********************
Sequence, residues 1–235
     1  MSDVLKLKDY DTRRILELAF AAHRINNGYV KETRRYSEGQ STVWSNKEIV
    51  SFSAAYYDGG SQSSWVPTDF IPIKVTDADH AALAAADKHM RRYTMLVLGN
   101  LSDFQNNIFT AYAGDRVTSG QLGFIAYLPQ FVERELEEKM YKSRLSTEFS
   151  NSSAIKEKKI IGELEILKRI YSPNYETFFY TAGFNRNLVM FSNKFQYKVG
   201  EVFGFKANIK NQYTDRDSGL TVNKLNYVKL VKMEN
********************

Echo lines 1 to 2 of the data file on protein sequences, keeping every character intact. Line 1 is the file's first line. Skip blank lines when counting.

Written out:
Sequence, residues 1–235
     1  MSDVLKLKDY DTRRILELAF AAHRINNGYV KETRRYSEGQ STVWSNKEIV